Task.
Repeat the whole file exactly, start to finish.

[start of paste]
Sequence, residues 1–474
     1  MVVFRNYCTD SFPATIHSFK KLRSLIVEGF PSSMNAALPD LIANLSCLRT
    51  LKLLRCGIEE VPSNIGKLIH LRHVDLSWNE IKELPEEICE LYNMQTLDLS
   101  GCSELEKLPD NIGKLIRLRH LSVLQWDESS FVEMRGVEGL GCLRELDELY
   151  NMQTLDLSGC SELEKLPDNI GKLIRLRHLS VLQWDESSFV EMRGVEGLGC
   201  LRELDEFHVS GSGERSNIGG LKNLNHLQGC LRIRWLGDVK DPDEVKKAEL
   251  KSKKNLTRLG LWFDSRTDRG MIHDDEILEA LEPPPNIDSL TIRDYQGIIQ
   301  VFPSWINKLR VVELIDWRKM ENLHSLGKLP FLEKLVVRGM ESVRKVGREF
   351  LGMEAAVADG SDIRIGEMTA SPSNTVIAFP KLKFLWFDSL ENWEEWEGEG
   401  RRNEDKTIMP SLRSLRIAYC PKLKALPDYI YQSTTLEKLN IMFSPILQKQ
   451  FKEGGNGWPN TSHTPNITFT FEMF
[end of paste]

Sequence, residues 1–474
     1  MVVFRNYCTD SFPATIHSFK KLRSLIVEGF PSSMNAALPD LIANLSCLRT
    51  LKLLRCGIEE VPSNIGKLIH LRHVDLSWNE IKELPEEICE LYNMQTLDLS
   101  GCSELEKLPD NIGKLIRLRH LSVLQWDESS FVEMRGVEGL GCLRELDELY
   151  NMQTLDLSGC SELEKLPDNI GKLIRLRHLS VLQWDESSFV EMRGVEGLGC
   201  LRELDEFHVS GSGERSNIGG LKNLNHLQGC LRIRWLGDVK DPDEVKKAEL
   251  KSKKNLTRLG LWFDSRTDRG MIHDDEILEA LEPPPNIDSL TIRDYQGIIQ
   301  VFPSWINKLR VVELIDWRKM ENLHSLGKLP FLEKLVVRGM ESVRKVGREF
   351  LGMEAAVADG SDIRIGEMTA SPSNTVIAFP KLKFLWFDSL ENWEEWEGEG
   401  RRNEDKTIMP SLRSLRIAYC PKLKALPDYI YQSTTLEKLN IMFSPILQKQ
   451  FKEGGNGWPN TSHTPNITFT FEMF